The GAAS (Generally Accepted Auditing Standards) provide that those auditing publicly traded firms ought to remain independent in own judgment, have sufficient technical auditing proficiency and training concerning, and exercise proper professional care. The auditors ought to plan audits adequately and supervise own assistants properly (Chambers & Rand, 2011; Giove, 2012). Besides, the GAAS obligate the auditors to obtain adequate appreciation of their clients and their operational environments, and obtain adequate and proper audit evidence. During reporting, the auditors ought to document whether reports are in compliance with GAAPs, whether the attendant informative disclosures are sensibly adequate, and their overall opinions on the supplied financial statements (Power, 1999). The GAAP (
Generally Accepted Auditing Procedures) provide that publicly traded firms should not interfere with auditors’ independence. The firms ought to disclose all their appreciable financial setbacks accurately. They should not overstate own financial performance via inappropriate accounting.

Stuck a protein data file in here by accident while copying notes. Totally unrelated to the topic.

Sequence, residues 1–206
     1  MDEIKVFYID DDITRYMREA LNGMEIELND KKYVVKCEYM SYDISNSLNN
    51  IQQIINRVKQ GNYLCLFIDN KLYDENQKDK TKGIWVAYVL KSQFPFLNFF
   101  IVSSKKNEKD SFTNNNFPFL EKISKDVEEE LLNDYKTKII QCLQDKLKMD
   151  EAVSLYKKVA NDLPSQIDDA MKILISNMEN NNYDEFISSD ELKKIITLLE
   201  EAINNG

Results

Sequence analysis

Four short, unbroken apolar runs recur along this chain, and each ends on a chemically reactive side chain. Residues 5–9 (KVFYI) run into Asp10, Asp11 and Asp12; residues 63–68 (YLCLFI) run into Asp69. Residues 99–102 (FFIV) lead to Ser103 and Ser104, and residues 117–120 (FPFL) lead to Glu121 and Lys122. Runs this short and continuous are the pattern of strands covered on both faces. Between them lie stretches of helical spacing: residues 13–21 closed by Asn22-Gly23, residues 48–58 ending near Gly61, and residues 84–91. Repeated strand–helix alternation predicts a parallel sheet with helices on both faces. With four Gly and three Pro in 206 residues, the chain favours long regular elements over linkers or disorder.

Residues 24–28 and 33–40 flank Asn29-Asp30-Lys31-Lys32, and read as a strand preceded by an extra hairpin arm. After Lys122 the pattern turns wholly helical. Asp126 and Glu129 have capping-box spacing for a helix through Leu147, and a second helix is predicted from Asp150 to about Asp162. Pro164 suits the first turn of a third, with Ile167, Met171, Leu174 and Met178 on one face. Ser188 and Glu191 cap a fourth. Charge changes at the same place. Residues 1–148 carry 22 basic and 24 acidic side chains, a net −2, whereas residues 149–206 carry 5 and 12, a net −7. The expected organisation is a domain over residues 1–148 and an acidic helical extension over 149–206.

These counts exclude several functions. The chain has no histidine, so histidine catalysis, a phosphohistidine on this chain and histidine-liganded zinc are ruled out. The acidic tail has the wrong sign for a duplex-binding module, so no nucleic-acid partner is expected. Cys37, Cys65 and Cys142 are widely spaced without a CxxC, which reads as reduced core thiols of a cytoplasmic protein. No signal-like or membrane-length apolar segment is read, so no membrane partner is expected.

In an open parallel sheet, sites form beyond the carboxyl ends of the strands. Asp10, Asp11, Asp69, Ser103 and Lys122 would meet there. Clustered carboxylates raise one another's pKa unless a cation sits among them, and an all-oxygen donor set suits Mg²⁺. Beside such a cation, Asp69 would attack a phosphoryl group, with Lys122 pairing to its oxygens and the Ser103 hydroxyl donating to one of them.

Under the Sarbanes-Oxley Act, the PCAOB (Public Company Accounting Oversight Board) obligates all publicly traded firms to ensure that those auditing them are properly registered with it (Rittenberg, Johnstone & Gramling, 2011). As well, auditing firms and their clients ought to ensure that they are in compliance with the independence, ethical, quality control, and auditing standards set by the board. The COSO (Committee of Sponsoring Organizations of the Treadway Commission) obligates the firms to adopt model of internal control that it developed in assessing their financial control systems. As well, the firms ought to ensure that they are in compliance with the business ethics, financial reporting, organizational governance, enterprise risk management, internal control, and fraud standards set by the committee according to Tysiac (2012).